Reflecting on Medium and Craft

Figure 1: Phil Hill (June, 2020) unedited portrait of Oliver, which was buckled when loaded for processing – shown by the crescent highlight bottom right of the image.

I am having to really consider the medium I have begun to use for this module. I have identified that I am in need of re-learning the process of shooting and using the medium format full time. For example, since starting to shoot film again, I have encountered a number of technical challenges to overcome whilst processing and scanning at home (in part a challenge related to the current covid-19 lock down). I have buckled film loading (Fig: 1), underdeveloped once, and had an issue with light leaking film backs. Some of this could be attributed to the current pandemic, however I approached the medium with an assumed confidence that I had once used these materials so would be able to run with it again. Therefore, I have decided to go back to some of the basics to better understand this new apparatus that I have started to use to the point of properly keeping film temperatures and specific agitation for the film I am processing.

105mm @ f5.6
105mm @ f16
105mm @ f8
105mm @ f22
105 @ f11

Figure 2: Phil Hill (June, 2020) Depth of Field test using 105mm lens ranging from f5.6 – f22

One of the main challenges I have had, is some of the images that I have made are soft focus, which is something that I would normally check on location however instead I am making one or two frames of the subject. Depth of field is a very early lesson in learning the technique of photography and something that I aim to utilise in my own portraiture. A sharp subject and shallow depth of field creates effective framing to encourage the viewer of the image to remain looking at the subject, which I have placed value. This is one of the most effective tools to construct a dominant reading of the work subjectively by the photographer. It is also aesthetically pleasing in the way that it abstracts the way that we process information of the world.  Soft or missed focus negates an effective execution of the idea contained in the image, so I felt it fundamental to the execution of the project to re-learn the specifics of the 6×7 apparatus. I have been aiming for a shallow DOF of around f4, however owing to the larger size of the format over my full-frame DSLR, there is a difference in how the DOF translates into the image, which I did not consider myself. Ultimately, there is around a 4 times difference in sizes, which means that a 50mm standard lens size on full frame equals 105mm to cover increased format size. Without trying to get to far into the technicalities of it, what I have not been factoring in is that the 105mm lens will still give the same DOF results regardless of the size of the film, or emulsion; the f4 I have been aiming for is more like f1.0 meaning a significantly smaller amount of headroom to get the shot, especially as a glasses wearer using a camera without dioptre adjustment or autofocus.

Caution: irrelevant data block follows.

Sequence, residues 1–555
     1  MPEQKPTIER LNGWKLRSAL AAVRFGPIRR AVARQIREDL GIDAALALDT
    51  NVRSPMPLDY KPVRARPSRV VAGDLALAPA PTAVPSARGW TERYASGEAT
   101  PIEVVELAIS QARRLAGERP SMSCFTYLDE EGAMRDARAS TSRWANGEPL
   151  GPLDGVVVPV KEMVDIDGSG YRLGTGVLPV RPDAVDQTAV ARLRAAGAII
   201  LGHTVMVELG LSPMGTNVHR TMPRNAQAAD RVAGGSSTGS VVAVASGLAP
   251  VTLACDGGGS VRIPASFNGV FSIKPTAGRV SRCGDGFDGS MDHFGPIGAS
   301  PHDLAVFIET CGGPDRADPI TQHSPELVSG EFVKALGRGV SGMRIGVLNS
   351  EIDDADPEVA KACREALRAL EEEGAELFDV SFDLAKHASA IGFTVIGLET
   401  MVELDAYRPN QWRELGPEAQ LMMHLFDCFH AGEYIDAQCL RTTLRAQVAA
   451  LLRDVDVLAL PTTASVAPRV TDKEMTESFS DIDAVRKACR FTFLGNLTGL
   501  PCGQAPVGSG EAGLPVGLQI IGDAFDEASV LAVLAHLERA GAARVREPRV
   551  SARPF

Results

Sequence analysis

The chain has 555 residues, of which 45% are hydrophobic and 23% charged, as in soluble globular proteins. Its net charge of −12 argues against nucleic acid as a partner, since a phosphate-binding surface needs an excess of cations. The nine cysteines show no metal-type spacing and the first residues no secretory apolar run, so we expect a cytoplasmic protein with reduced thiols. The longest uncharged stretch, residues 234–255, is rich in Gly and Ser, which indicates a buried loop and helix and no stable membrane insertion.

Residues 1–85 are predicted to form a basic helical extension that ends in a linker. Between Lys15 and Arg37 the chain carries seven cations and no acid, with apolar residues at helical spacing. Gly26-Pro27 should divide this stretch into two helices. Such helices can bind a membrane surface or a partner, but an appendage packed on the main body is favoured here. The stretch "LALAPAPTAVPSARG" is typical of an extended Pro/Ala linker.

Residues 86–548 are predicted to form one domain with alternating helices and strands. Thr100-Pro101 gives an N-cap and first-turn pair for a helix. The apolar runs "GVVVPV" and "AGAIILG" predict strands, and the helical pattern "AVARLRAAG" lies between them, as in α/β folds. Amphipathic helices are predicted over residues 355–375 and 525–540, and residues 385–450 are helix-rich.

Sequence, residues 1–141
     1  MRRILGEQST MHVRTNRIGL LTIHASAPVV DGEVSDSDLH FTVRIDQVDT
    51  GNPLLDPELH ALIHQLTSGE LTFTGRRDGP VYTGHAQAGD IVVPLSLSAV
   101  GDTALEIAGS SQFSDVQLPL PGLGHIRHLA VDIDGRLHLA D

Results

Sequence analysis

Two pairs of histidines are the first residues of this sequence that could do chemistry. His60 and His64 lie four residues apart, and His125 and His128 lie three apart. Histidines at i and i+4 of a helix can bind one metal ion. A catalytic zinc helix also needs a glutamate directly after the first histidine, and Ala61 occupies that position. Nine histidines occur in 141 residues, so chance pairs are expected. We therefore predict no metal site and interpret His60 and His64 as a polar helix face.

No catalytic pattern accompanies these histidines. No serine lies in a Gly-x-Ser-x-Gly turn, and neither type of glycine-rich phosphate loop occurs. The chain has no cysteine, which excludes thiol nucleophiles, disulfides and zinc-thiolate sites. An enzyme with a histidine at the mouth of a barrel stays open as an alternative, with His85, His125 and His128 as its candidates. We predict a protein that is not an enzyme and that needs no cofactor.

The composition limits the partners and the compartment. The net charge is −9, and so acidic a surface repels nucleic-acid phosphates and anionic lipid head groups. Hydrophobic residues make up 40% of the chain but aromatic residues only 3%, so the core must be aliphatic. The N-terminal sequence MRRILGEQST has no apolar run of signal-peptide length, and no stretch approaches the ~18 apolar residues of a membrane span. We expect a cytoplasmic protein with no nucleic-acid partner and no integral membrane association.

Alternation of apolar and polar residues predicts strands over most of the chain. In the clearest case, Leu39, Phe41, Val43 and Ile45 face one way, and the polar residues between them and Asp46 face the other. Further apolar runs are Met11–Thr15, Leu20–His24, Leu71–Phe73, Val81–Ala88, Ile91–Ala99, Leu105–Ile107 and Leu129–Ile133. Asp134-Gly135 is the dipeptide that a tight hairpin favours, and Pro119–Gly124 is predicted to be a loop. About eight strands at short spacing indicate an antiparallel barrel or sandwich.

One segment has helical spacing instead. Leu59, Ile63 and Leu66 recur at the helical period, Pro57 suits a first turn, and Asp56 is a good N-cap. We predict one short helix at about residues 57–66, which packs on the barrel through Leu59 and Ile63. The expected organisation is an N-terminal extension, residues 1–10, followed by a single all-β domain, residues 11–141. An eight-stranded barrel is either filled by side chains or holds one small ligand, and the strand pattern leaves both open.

These might be considered to be rudimentary and frustrating lessons to have to re-learn, especially studying at a MA level, however it is also really pushing me to consider my craft. As I have come to research the impact that apparatus and the subjective qualities of the materials and medium it is important to understand them as part of the process of creating an effective project. A well-researched and conceptually strong idea also needs to be well-executed which means a deeper understanding of those materials – apparatus is a key part of that execution. It will also be a good idea to better understand the materials of the chosen film emulsion, which will be an important consideration as although subtle, have a fundamental impact on my project.

PHO703 First Shots